7. Simone Grant says:

    You’re a pretty typical user, I think. Which is why the practice tends to have so many unsatisfied customers.
    I think most online dating services are a lot like a store (hang in there, it’s not an eloquent metaphor). I do almost all of my clothes shopping at local boutiques, where I’ve been going for years. I know the merchandise and the people who work there and I know that they’ll take the time to look through the racks and help me find things I might like in my size (I’m a hard to find size). That won’t work for a lot of other people. Some people do most of their shopping in the gap or banana republic or some other chain store. Others like the huge department stores. Some people like outlet stores. Others swear by thrift stores.

    If I was told that I had to get my clothes in any of the other venues (thrift stores, dept stores, chain stores…) I’d look around in disgust and say they had nothing for me. If a dept store shopper was told she had to shop in my favorite boutique her response might be the same.

    My point in that every online service is different for every demographic/location. And so what works for one person might be an utter failure for another. I had to try several services before I found a pool of guys I was happy with. I did it because I was intrigued by the idea/ease of online dating.

    It’s not for everyone. And you are quite young and might have the type of social life that lends itself to lots of opportunities to meet new people, so why bother? But I think it would be premature to write off the whole thing.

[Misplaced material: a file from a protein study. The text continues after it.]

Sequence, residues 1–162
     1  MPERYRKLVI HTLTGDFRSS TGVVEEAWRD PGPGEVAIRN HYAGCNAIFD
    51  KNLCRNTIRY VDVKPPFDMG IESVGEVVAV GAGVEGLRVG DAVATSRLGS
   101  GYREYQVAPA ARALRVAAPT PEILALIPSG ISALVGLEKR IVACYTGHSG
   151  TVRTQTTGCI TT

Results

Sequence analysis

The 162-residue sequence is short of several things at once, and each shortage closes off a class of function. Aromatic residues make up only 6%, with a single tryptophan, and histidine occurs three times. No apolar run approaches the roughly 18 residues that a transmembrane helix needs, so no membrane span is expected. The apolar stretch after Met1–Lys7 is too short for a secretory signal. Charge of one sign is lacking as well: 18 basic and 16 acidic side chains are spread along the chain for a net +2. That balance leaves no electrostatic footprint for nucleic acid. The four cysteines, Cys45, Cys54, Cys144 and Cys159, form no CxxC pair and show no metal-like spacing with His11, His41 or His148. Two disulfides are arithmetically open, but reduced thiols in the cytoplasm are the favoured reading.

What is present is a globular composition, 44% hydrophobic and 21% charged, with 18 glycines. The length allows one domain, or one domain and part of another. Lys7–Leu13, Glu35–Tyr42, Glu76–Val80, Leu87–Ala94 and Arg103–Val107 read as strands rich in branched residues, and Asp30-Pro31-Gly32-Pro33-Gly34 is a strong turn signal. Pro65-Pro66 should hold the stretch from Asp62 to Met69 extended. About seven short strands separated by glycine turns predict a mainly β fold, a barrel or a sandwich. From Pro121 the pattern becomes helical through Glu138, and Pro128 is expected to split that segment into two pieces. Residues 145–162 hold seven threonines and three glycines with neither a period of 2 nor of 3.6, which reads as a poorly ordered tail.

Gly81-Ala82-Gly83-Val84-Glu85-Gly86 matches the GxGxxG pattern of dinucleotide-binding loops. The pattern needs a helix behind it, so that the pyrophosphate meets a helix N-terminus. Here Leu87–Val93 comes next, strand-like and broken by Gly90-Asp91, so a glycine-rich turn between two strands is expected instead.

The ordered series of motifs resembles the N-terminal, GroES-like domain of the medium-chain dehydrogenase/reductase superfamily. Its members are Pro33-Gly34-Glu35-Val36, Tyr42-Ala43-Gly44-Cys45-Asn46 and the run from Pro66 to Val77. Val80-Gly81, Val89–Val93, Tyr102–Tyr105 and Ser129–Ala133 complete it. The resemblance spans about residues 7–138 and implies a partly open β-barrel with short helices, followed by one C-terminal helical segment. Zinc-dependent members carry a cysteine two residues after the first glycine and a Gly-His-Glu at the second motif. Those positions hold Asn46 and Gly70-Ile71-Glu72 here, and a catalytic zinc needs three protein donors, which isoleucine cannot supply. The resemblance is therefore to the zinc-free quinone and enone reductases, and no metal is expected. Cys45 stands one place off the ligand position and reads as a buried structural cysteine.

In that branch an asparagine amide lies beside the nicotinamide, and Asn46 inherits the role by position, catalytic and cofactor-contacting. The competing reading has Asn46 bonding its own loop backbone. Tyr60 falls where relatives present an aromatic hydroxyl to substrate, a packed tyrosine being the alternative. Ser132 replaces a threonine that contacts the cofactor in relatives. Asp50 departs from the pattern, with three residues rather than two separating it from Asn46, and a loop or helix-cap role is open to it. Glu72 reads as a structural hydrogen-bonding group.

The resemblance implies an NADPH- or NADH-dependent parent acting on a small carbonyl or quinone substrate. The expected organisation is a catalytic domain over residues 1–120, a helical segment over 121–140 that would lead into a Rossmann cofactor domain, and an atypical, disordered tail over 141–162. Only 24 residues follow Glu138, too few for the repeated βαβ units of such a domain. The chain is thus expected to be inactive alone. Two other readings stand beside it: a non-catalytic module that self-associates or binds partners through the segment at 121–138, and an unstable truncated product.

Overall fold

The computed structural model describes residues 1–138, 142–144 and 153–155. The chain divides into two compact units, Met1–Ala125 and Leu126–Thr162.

8. Singletude: A Positive Blog for Singles says:

    My experience with online dating has been much the same as yours, and I think it’s because I also know exactly what I like. And that would be the same whether I was picking him out of an online line-up or out of a crowded room at a party. When I first sign up for a service, I do spend awhile looking at profiles and picking out people to write to, but after the initial search, it’s very easy to keep up with the new members.

    When I hear people complaining about too much choice, it’s usually not in reference to how much choice they have but to how much choice their potential partners have. In other words, they fear that their “matches” won’t give them a chance because those matches perceive their options as limitless. I also think this is one of the hazards of online dating. It does reinforce an illusion of unending choice, which may lead to a grass-is-always-greener mentality for some people.